Considering that thousands of locals drive by LBC’s lighted marquee sign on 101 every day, LBC donors Mike and Jessica Sutton want to know if any of them ever wonder, like they do, what life in Sonoma County would be like if the LBC wasn’t here?
If we didn’t bring free and low-cost arts education into our local classrooms, which continuously struggle under budget cuts.
If the 900+ local students who are learning to play an instrument each year couldn’t borrow them from our free lending library.
If the 100+ students learning the music and culture of mariachi were denied the opportunity.
If our 13 large-scale sculptures by local artists vanished from our campus.
If no comedy acts came to the North Bay. No family theater. No dance.
If silence replaced the live rock ‘n’ roll, country music, jazz, hip-hop, Americana, and world music played here.
“This is the most incredible asset for Sonoma County,” said Mike. “The LBC sparked a culture scene here 41 years ago when there was little in the way of the arts available to the community. It’s imperative that the community ensures it continues to bring us live performance, arts education in our schools, and visual art.”
As patrons of the arts and active leaders in a variety of local nonprofits, Mike and Jessica Sutton take a keen interest in nonprofit programs that support the arts and children’s causes. They have been LBC donors for more than 20 years. From 2006 to 2015, Mike was a member of the LBC Board of Directors and served as Board Chair for two of them. Jessica has long associations with children’s advocacy and the arts. She helped raise funds for the Children’s Home on Highway 12 20 years ago. She was also involved early on with fundraising and support for the Children’s Museum of Sonoma County and served on its board for six years.
“There is always something good happening here all the time,” Jessica said. “It’s always here for us, and that’s why it’s so important to support it. Through donations. Through volunteering. By becoming members and enjoying the shows. Connecting with the LBC ensures we will always have something good to turn to right here.”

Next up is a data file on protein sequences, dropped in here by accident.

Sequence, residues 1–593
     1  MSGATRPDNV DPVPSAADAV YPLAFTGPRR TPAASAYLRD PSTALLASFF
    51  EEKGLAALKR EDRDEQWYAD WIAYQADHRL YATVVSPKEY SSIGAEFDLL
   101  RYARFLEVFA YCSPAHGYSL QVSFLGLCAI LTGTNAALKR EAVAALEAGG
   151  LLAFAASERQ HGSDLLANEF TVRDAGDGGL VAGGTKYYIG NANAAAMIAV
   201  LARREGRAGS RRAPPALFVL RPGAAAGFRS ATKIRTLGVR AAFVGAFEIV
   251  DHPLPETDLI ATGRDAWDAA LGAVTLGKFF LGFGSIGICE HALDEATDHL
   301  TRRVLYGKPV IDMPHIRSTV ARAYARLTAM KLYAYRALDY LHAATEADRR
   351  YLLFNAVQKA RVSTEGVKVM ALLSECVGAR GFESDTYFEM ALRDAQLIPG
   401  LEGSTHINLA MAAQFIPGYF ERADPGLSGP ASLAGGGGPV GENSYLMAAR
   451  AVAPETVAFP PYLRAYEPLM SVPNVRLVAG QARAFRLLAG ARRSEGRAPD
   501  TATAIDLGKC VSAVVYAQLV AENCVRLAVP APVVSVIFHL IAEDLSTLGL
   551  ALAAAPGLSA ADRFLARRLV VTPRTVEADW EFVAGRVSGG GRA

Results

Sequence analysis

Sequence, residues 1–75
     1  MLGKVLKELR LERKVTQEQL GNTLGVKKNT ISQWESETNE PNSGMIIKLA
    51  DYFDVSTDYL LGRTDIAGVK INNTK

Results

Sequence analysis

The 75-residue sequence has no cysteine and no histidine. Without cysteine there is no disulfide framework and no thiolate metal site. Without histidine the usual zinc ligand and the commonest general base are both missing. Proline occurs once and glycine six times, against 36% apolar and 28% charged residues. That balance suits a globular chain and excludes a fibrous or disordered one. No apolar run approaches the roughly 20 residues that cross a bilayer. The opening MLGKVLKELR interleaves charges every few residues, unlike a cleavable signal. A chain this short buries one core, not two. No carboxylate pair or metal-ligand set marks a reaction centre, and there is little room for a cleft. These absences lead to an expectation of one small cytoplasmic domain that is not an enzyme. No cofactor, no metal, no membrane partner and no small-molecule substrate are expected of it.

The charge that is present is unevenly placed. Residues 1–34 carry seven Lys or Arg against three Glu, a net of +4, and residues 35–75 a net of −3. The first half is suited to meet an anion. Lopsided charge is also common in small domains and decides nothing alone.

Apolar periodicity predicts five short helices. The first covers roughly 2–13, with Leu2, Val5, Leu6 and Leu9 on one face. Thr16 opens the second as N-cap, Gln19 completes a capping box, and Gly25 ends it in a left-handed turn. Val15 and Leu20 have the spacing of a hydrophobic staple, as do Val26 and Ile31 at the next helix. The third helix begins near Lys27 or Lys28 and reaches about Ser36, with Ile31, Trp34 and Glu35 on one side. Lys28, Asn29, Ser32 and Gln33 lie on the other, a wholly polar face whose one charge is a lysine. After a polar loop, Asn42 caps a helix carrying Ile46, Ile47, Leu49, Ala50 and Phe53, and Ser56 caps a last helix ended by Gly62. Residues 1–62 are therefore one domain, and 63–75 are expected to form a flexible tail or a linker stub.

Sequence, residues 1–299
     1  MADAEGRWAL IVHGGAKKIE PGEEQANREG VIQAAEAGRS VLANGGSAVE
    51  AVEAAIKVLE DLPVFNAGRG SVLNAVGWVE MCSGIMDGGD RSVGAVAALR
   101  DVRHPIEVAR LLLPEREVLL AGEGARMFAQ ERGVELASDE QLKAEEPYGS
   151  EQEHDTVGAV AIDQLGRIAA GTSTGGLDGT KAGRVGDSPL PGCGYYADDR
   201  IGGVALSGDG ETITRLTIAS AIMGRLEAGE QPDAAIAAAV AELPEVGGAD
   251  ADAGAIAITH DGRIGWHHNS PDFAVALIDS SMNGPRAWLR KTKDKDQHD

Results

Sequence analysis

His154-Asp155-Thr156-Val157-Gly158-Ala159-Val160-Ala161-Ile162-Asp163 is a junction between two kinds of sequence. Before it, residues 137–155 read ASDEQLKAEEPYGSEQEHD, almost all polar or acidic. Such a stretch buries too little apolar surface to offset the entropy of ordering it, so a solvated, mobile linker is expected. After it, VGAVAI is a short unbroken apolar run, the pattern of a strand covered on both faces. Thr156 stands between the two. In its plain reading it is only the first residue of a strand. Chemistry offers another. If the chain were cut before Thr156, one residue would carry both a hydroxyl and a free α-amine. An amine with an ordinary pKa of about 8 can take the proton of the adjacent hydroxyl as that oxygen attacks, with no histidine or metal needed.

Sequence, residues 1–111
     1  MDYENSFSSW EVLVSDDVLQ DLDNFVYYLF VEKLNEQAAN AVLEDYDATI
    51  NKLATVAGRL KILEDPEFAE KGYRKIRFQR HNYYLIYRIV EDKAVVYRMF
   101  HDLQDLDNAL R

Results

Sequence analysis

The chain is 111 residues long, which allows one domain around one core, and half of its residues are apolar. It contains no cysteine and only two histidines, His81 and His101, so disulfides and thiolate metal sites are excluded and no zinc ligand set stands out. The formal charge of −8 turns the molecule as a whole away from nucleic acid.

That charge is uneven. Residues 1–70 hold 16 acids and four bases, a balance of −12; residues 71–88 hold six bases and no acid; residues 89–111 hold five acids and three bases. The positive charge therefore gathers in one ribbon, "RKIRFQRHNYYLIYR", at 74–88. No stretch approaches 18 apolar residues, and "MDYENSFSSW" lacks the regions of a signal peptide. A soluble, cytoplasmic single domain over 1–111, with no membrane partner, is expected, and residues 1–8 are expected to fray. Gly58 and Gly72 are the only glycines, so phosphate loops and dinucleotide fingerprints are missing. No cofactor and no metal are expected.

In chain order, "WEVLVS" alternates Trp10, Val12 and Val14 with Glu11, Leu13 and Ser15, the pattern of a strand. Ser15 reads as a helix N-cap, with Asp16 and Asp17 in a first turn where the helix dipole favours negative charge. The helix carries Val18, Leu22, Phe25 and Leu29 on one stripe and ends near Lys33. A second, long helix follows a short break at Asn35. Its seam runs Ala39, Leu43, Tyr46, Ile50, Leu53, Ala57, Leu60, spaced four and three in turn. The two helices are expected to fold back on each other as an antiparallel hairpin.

Despite being visual art collectors and Mike’s life-long passion for live music, when Mike and Jessica moved to Santa Rosa in 2002, they knew little about the Center. When Mike was invited to join the Board, he learned that the LBC is a nonprofit, making an extensive and positive impact on the quality of education in our schools and the quality of live entertainment in our community. “I knew we had to do something to ensure it remained part of the quality of life we enjoy here in Sonoma County,” he said.
“All of us have a different view of what’s important here,” said Mike. “To me, it’s the live performances. Live music, speakers, and comedy, all of it. Live performance inspires people, particularly children. Think about the music lending library that gives the children who live here the opportunity to create live music, when everything else around them increasingly is digitized and canned!”
“It’s especially important for our children,” Jessica added. “In our society, alienation has become a rampant problem for children. Art can be a solace for their souls. It brings them into the human community and helps them feel more connected. It enriches their lives and elevates them, and, in turn, it elevates all of us.”
Preserving Sonoma County’s home for the arts
“We chose to include LBC in our legacy plans because every time we pass the campus, we feel a strong connection, like there’s a string that attaches us to it and all the good it brings our community,” said Mike. “We can be a part of that.”
“Serving the community is an important value of ours, and it’s great to have the ability to keep on giving even after we are gone,” he added. “People do what they can, but not everyone is in the position of ensuring the continuity of this fantastic resource for our community. We are. We can.”
Mike and Jessica came to Sonoma County because there is “a richness to living here.” They lamented that not everyone knows how much this organization contributes to that richness, and the personal loss when they don’t participate in it. “The LBC strives to keep school children engaged in the arts not just because kids love it,” said Mike. “The arts support their academic achievement and social emotional development. When we make sure the children in this community continue to engage in activities like summer camp, after-school mariachi programs, teaching artists in the schools, matinee live performances for the schools, we are investing in their future as good, contributing citizens and leaders for our community. It’s a gift back to yourself and to all of us.”
“With a legacy gift to the LBC, you are participating in the making of our community,” said Jessica. “Your money stays here instead of being distributed to places unconnected to where your heart lives. There’s an untold, bountiful impact on people who contribute to what they love and end up inspiring a whole community with it.”